Irving had a fantastic season for Brooklyn, becoming one of only seven players to shoot 50 percent from the field, 40 percent from three-point range and 90 percent from the free throw line all season. But he missed a lot in Game 3, scoring 16 points on 6-for-17 shooting. After Irving was replaced by rookie Peyton Pritchard midway through the second quarter, he gradually came into his own in the second half, and his three-pointer at 7:35 of the fourth quarter cut Boston’s lead to 105-97.
But he has been on the wrong side of the ball defensively in several games, particularly against Tatum, much to the delight of his hometown fans, because other than Durant and Harden, no one has done much for Brooklyn. Those two combined for 80 points; add Irving’s 16 points, and the rest of the Nets players scored 23 points with 8-for-25 shooting.
It was a big deal, Celtics guard Marcus Smart said of Brooklyn’s limited support. Those guys really hurt us, especially in the second game. Joe [Harris] came out of the game, I think he made seven three-pointers in Game 2, and they took advantage of that. The fact that we were able to contain them and not let them hurt us and that those guys came out of the game was very important for us. And the fact that our guys came in and did the same thing that these guys did against us in Game 2, make contributions on both sides of the ball, that’s exactly what we need and we need to keep doing that.
The Boston crowd also took the opportunity to let Irving know what they thought of him several times in the second half. After he drew a foul on Smart on a three-pointer with 5:11 to go in the third period, the crowd started yelling F- you, Kyrie while considering whether that foul was considered hard (it was not).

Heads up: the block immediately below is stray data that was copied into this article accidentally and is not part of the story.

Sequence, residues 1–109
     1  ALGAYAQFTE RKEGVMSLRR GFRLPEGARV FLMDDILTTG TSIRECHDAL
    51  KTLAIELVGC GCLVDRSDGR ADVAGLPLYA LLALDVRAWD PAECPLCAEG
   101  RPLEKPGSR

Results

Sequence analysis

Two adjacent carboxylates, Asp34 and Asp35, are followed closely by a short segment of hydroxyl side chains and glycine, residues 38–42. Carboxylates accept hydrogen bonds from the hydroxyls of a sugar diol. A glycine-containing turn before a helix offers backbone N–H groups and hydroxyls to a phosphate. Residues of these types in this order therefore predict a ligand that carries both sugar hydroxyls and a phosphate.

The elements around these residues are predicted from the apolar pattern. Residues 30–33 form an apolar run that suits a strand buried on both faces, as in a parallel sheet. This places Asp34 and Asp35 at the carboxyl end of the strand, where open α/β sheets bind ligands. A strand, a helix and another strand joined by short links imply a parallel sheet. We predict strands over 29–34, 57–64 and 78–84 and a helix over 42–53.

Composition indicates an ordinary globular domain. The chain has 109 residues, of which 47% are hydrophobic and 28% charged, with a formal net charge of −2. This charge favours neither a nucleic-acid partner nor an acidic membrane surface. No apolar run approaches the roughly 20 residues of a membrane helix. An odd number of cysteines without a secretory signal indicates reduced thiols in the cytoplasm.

When Smart and Blake Griffin collided midway through the fourth period and Smart was slow to recover, the crowd roared: Kyrie sucks! All the time.
But in the end, this game came down to Tatum’s game.
And while Harden (41 points, seven rebounds and 10 assists) and Durant (39 points and nine rebounds) were outstanding overall, Tatum played the entire game with the league’s two former MVPs, taking shot after shot and forcing Boston back into this series, even while teammate Jaylen Brown watched from the sidelines after undergoing wrist surgery earlier this month.
We know what he’s capable of, Nets coach Steve Nash said. We’ve done well at home, but it’s a job that takes a lot of perseverance and we have to keep being there to protect him and make it hard for him in groups. Put different people on him, support those who need support, and get him out when we have people who can protect him.
Tatum got help, too. Tristan Thompson had his best game for the Celtics with 19 points and 13 rebounds. Smart scored 23 points and handed out six assists, made 8 of 11 field goal attempts, 5 of 8 3-point shots and made several key defensive plays. And Evan Fournier scored 17 points and grabbed five rebounds.
The Celtics matched the Nets in three-point shooting: 16 on 39 versus Brooklyn’s 16 on 38.
They beat us on three-point shots, Durant said. They made 16 three-point shots in that building….. So they had a chance to score from the three-point line, which helps every team stay in the game, and we need to counter better.
They have a 50% success rate on the field, you can’t have that. Forty-one percent of three? We can’t let that happen. And interrupted? You just have to get better at it.
Sunday night, Brooklyn has a chance to improve and thus regain control of the series. But Boston was better for one night at least, thanks to Tatum, who dominated the Brooklyn stars.
He’s so developed for a 23-year-old, Celtics coach Brad Stevens said. I said the word specifically. Obviously, I don’t say that very often. He has a unique ability to mark the ball, to sneak into gaps, to find angles to score, but at the same time he has the vision to make the right read.
He was great today.